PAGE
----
For information on a specific unit, click on the first letter of its name:
A B C D E F G H I J K L M N O P Q R S T U V W X Y Z
Americans probably use a greater variety of units of measurement than anyone else in the world. Caught in a slow-moving transition from customary to metric units, we employ a fascinating and sometimes frustrating mixture of units in talking about the same things. We measure the length of a race in meters, but the length of the long jump event in feet and inches. We speak of an engine's power in horsepower and its displacement in liters. In the same dispatch, we describe a hurricane's wind speed in knots and its central pressure in millibars.
It is said sometimes that the United States is one of only two or three countries that have failed to adopt the metric system. This a gross misrepresentation of history. Since 1875 the United States has subscribed to the International System of Weights and Measures, the official version of the metric system. Congress has repeated this commitment on several occasions, but it has not forced the general public to use metric units in all phases of ordinary light. So Americans have adopted the metric system, they simply don't use it in many settings.
The metric units form what is called a coherent system; this means they fit together precisely and it is easy to convert from one metric unit to another or to combine the units to make new units for different phenomena. The English customary units do not form a coherent system. Reflecting their diverse roots in Celtic, Roman, Saxon, and Norse cultures, they are often confusing and contradictory. There are two systems for land measurement (one based on the yard and the other on the rod) and a third system for distances at sea. There are two systems (avoirdupois and troy) for small weights and two more (based on the long and short tons) for large weights. Americans use two systems for volumes (one for dry commodities and one for liquids) and the British use a third (British Imperial Measure).
This dictionary includes:
Each unit's definition includes conversion factors you can use to convert that unit into other units measuring the same concept. However, a caution is in order. In the case of the traditional units, remember that in many cases the "precise" definition for an older unit (such as the league or the hogshead) was not established until the nineteenth century. It's not wise to rely too much on these relatively modern definitions when reading older works. Also, many units which have precise meanings now, such as the barrel and the gallon, formerly had a variety of special meanings when applied to particular commodities; there isn't space in the dictionary for all these meanings.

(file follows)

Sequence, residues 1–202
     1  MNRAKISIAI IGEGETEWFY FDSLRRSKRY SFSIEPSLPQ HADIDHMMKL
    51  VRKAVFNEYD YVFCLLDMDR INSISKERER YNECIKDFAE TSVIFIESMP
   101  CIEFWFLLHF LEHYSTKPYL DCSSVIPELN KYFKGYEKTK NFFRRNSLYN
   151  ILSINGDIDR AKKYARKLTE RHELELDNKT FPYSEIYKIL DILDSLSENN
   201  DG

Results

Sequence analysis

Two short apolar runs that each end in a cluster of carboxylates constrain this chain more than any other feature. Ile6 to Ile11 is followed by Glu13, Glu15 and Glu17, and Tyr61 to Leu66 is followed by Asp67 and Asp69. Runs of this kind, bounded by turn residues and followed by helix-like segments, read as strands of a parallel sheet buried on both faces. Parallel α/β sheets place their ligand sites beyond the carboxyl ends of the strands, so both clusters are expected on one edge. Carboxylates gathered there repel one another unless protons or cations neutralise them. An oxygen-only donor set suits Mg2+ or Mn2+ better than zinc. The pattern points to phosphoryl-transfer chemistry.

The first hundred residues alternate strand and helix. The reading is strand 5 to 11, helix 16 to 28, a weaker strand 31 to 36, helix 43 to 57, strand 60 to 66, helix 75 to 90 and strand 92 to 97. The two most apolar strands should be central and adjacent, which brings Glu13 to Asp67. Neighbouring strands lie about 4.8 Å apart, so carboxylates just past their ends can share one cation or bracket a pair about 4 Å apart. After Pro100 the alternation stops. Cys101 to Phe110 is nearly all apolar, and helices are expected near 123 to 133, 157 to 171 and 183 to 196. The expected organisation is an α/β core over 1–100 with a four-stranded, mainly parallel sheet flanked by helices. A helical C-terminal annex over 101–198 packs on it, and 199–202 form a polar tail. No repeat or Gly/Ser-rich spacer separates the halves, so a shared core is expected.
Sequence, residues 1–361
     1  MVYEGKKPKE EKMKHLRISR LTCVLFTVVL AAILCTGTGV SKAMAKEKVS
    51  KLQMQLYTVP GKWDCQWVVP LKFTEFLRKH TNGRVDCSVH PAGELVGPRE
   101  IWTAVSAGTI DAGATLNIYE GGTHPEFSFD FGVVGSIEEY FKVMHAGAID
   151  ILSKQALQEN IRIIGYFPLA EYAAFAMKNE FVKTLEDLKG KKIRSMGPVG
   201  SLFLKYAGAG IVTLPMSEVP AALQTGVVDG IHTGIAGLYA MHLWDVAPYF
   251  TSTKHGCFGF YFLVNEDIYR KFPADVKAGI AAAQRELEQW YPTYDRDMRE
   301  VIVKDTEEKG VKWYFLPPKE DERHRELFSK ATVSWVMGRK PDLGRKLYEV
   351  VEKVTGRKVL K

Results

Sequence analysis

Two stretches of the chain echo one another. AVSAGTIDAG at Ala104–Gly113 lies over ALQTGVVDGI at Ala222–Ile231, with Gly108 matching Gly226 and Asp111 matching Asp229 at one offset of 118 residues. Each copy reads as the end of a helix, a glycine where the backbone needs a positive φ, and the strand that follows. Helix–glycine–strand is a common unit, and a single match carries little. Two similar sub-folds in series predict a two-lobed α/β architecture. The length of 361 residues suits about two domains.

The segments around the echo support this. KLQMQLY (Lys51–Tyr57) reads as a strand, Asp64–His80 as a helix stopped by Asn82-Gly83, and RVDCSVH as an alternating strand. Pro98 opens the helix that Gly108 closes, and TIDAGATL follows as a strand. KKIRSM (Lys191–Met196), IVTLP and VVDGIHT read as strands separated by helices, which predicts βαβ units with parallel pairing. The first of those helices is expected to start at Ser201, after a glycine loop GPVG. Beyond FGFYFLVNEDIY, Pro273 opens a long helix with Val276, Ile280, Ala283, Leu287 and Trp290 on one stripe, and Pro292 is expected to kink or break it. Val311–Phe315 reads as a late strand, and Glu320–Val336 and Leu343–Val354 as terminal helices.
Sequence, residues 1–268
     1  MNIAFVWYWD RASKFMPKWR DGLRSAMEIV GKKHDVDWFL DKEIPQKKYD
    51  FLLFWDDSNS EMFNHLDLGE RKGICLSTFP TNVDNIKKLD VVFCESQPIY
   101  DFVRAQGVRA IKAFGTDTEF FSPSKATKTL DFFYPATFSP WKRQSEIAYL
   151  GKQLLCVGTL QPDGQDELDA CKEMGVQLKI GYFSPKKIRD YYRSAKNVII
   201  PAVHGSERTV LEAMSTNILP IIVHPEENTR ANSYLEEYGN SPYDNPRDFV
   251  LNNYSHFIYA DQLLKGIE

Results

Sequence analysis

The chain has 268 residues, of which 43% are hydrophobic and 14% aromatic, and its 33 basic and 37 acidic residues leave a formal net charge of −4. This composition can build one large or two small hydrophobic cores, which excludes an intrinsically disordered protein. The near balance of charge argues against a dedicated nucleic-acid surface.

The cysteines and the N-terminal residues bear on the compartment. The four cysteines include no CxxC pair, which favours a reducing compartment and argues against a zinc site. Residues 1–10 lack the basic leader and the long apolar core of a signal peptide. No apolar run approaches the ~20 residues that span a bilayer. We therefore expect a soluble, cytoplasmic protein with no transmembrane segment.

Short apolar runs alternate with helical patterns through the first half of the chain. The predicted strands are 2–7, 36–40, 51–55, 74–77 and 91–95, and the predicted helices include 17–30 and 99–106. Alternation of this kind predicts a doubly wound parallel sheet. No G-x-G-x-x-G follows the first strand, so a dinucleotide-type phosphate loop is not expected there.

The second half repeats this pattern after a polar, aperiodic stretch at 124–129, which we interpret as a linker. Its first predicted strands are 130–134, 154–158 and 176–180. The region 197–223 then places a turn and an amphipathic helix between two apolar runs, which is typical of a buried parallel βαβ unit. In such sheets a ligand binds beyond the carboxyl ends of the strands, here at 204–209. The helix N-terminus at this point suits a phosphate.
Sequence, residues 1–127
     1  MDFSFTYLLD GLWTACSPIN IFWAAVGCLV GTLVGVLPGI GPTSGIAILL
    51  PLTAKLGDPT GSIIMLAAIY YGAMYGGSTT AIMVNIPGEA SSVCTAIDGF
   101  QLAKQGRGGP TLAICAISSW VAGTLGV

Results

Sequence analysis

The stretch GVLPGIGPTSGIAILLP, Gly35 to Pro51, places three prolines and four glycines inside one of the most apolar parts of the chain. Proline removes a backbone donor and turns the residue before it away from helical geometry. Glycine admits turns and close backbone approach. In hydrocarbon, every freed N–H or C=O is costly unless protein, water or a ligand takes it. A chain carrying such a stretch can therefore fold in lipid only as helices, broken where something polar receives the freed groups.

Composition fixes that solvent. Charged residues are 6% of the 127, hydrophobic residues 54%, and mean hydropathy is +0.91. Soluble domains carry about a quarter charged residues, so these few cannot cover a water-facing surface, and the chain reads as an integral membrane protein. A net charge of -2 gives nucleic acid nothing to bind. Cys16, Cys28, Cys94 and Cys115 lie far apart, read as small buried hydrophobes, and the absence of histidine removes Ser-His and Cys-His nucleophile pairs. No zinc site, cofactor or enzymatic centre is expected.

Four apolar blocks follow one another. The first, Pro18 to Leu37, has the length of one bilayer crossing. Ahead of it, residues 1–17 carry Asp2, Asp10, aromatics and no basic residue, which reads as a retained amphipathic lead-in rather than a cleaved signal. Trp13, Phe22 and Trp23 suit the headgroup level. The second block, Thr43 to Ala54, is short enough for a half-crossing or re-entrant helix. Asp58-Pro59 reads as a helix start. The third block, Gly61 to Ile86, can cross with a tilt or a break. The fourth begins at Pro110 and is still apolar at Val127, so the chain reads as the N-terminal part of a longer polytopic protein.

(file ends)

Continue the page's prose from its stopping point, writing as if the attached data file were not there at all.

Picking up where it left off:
I hope you find the dictionary useful and informative. Suggestions (and corrections if you find errors) are always welcome and can be sent to rowlett at email.unc.edu.
Retired Professor of Education and Adjunct Professor of Mathematics
University of North Carolina at Chapel Hill.
All material in this folder is copyright 2018 by Russ Rowlett and the University of North Carolina at Chapel Hill. Permission is granted for personal use and for use by individual teachers in conducting their own classes. All other rights reserved. You are welcome to make links to this or any page of the dictionary. Please do not copy the contents of any page of the dictionary to another site. The material at this site is updated frequently as new information is added, so linking to the site rather than copying it is in the best interests of everyone.
The information contained in the dictionary is as accurate as I can make it; please notify me if you find any errors. Neither the author nor the University of North Carolina assumes any liability for uses made of the information presented by this web site. The dictionary is not designed to promote any system of measurement. Its only purpose is to present information useful to anyone interested in the subject.
April 24, 2018